9 March - 22 May 2017
Meem Gallery presents a rare group of works by Sohrab Sepehri from the early 1960s. One of Iran’s foremost Modernist painters and poets, Sepehri’s work is best known for its natural subject matter and muted palette. In contrast, this collection of paintings and gouache of paper works demonstrate the artist’s often overlooked versatility of form and mastery of colour.
Executed soon after completing extensive travels in Europe, Africa and Asia, the works reflect Sepehri’s exposure to the wider world, most notably drawing on his experiences of working as a print-making apprentice in Tokyo. The artist’s fascination with Japanese culture and philosophy are particularly evident, with elements reminiscent of Zen art and poetry, and its acutely paired down simplicity of form, present throughout.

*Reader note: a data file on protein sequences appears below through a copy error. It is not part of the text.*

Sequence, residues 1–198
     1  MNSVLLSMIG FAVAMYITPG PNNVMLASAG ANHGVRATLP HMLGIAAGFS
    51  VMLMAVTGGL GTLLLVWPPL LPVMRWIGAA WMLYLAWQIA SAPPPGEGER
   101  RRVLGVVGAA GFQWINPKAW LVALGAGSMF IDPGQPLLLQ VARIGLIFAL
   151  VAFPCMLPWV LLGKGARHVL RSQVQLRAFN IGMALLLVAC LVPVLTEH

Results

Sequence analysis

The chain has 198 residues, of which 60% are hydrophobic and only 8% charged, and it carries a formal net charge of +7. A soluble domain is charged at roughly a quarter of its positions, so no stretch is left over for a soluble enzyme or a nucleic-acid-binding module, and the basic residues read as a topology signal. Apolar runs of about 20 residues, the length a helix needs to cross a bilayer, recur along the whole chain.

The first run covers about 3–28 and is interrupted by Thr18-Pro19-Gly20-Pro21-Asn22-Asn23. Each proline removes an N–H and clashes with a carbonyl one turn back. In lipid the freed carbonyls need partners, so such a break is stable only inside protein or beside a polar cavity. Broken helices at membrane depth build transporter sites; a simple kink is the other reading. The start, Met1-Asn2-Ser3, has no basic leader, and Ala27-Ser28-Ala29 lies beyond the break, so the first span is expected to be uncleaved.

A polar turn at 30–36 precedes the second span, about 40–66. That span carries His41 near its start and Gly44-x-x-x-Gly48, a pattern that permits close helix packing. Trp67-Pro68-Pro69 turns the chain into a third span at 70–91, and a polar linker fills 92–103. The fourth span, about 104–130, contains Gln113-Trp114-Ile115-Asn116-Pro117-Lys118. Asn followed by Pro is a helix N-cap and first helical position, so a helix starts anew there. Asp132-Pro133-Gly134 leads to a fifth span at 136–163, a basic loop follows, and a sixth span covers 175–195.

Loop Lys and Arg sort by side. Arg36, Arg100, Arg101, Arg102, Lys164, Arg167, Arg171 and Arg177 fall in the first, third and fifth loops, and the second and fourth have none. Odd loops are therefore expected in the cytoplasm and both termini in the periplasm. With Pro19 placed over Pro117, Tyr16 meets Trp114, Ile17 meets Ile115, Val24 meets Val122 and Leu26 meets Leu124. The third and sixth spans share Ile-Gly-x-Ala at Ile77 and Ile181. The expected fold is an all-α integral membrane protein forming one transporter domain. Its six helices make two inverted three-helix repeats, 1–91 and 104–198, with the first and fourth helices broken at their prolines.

Contrasting fields of colour overlap against defined backgrounds forming Sepehri’s sophisticated compositions, giving the sense of an unknown quantity of space reaching beyond the limitations of the margins. Bold, confident brush strokes permeate the work with powerful expressiveness, lending movement and depth, and drawing the audience in.
A member of the renowned Saqqakhaneh school, Sohrab Sepehri established his reputation during the 1968 group exhibition at the Pahlavi University. Often referred to as the father of Modern art in Iran, his deeply humanistic nature imbued his artistic practice with a spiritual density which went far beyond the technical aspects of his work.